Cognitive Therapy and Research

, Volume 35, Issue 6, pp 581–594

Selective Attentional Bias Towards Pain-Related Threat in Fibromyalgia: Preliminary Evidence for Effects of Mindfulness Meditation Training

Original Article

DOI: 10.1007/s10608-011-9391-x

Cite this article as:
Vago, D.R. & Nakamura, Y. Cogn Ther Res (2011) 35: 581. doi:10.1007/s10608-011-9391-x

Abstract

The current study investigated the effects of an 8-week mindfulness-based meditation training (MMT) intervention on attentional bias, engagement and disengagement of pain-related threat in fibromyalgia patients as compared to an age-matched control group. A well validated dot-probe task was used to explore early versus later stages of attentional processing through the use of two stimulus exposure durations (100, 500 ms) of pain-related threat words. The enduring effects of MMT were assessed 6-months after completion of MMT. Preliminary results suggest that MMT reduces avoidance of pain-related threat at early levels of processing, and facilitates disengagement from threat at later stages of processing. Furthermore, it appears that effects of MMT on early attentional threat processing do not remain stable after long-term follow-up.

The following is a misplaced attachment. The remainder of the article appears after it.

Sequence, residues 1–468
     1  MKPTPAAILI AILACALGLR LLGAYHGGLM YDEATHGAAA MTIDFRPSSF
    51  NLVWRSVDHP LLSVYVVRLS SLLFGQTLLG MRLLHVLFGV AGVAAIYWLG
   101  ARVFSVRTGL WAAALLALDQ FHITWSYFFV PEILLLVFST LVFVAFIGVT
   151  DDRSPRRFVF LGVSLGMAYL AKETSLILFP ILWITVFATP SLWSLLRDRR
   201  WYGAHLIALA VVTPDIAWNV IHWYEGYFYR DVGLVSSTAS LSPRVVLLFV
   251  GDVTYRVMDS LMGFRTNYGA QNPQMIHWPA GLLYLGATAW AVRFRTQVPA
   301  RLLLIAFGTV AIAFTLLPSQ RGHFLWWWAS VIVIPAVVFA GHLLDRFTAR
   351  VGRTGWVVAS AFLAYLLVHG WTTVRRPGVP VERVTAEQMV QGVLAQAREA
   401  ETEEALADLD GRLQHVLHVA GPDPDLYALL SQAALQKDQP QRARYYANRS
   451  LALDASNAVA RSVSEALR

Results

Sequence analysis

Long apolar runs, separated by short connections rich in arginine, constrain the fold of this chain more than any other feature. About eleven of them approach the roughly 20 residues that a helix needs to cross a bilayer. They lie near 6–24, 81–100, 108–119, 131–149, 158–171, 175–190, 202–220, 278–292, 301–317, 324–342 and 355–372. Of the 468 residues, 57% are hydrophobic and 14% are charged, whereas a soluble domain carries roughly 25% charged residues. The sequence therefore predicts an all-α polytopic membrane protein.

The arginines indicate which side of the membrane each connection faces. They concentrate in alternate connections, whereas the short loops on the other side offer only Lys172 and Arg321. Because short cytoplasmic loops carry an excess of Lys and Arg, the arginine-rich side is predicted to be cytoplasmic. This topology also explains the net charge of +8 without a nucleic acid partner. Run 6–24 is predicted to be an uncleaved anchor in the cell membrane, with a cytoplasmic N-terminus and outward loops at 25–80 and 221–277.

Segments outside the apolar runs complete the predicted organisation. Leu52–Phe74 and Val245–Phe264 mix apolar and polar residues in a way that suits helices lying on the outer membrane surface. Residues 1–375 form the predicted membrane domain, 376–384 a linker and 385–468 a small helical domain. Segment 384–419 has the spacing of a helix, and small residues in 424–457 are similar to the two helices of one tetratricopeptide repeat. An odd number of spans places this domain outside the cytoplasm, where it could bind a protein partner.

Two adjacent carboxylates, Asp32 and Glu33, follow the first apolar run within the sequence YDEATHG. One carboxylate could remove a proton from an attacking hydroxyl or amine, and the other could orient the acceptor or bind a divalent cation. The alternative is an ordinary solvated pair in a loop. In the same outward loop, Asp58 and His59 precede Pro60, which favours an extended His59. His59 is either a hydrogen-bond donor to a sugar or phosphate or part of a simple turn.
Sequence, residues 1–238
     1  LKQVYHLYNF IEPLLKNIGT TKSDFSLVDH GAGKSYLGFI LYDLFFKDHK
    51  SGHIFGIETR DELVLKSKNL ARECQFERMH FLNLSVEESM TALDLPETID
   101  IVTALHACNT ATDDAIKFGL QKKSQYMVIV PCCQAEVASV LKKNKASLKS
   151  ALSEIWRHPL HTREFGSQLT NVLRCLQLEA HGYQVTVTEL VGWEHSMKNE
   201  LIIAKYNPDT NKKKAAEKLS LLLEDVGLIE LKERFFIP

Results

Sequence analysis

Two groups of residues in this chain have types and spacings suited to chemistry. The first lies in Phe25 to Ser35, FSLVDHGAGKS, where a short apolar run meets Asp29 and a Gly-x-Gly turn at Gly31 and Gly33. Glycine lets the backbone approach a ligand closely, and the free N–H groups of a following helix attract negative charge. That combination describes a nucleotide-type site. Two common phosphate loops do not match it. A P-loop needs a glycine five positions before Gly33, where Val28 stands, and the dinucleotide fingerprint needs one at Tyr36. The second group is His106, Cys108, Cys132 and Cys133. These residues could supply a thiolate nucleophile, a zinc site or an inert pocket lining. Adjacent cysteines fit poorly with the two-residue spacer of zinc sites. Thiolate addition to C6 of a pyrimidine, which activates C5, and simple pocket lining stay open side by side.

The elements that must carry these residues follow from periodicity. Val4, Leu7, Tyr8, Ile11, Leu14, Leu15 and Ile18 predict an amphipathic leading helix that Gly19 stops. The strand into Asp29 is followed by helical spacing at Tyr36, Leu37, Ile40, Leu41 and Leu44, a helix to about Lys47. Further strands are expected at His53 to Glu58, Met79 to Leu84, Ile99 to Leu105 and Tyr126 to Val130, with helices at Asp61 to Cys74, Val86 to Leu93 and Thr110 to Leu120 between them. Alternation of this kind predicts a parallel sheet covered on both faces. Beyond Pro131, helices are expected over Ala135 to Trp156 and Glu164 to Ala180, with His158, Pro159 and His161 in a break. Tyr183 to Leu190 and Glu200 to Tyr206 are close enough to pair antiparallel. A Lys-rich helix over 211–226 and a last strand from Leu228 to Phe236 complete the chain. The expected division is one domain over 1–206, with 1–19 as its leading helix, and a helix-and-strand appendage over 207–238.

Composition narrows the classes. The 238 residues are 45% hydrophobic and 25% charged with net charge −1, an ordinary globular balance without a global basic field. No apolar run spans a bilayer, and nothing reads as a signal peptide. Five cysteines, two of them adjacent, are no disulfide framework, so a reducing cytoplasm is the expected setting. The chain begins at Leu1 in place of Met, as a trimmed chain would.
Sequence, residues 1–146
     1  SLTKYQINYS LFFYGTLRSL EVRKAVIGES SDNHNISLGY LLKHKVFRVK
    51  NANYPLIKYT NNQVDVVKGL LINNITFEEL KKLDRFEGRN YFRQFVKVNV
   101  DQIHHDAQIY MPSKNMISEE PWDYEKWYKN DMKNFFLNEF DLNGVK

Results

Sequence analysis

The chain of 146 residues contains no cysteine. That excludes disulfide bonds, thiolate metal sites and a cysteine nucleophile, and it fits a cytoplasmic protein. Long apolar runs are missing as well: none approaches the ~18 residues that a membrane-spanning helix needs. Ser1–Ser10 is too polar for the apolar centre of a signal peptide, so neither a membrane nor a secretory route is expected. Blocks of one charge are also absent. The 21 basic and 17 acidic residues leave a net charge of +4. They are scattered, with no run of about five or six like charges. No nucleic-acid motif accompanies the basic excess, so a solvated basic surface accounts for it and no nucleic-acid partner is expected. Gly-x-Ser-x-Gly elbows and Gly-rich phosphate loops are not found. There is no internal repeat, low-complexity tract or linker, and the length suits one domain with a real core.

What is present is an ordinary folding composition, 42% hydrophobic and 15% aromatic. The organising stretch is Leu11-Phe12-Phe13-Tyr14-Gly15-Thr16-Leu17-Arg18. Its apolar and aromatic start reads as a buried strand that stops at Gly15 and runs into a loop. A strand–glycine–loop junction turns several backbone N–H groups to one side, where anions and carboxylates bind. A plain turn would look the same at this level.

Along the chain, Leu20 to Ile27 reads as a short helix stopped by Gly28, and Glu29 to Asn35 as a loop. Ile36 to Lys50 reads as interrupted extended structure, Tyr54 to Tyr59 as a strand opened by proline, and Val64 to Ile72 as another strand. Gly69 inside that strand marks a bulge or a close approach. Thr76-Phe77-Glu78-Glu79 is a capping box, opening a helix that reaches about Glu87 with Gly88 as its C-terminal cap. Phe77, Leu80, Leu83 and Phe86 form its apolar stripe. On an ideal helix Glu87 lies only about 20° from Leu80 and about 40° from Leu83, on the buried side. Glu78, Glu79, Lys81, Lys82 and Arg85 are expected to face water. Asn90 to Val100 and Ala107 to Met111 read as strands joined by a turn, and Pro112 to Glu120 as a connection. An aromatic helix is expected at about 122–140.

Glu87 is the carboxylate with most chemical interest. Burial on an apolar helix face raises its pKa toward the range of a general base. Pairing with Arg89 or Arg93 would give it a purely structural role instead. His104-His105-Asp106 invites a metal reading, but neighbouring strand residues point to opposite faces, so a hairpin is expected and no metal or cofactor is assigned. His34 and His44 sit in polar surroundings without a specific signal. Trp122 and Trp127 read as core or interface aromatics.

Keywords

Attentional biasAvoidanceFibromyalgiaMeditationMindfulness

Copyright information

© Springer Science+Business Media, LLC 2011

Authors and Affiliations

  1. 1.Department of Psychiatry, Functional Neuroimaging Laboratory, Brigham & Women’s HospitalHarvard Medical SchoolBostonUSA
  2. 2.Department of Anesthesiology, School of Medicine, Utah Center for Exploring Mind–Body Interactions (UCEMBI), Pain Research CenterUniversity of UtahSalt Lake CityUSA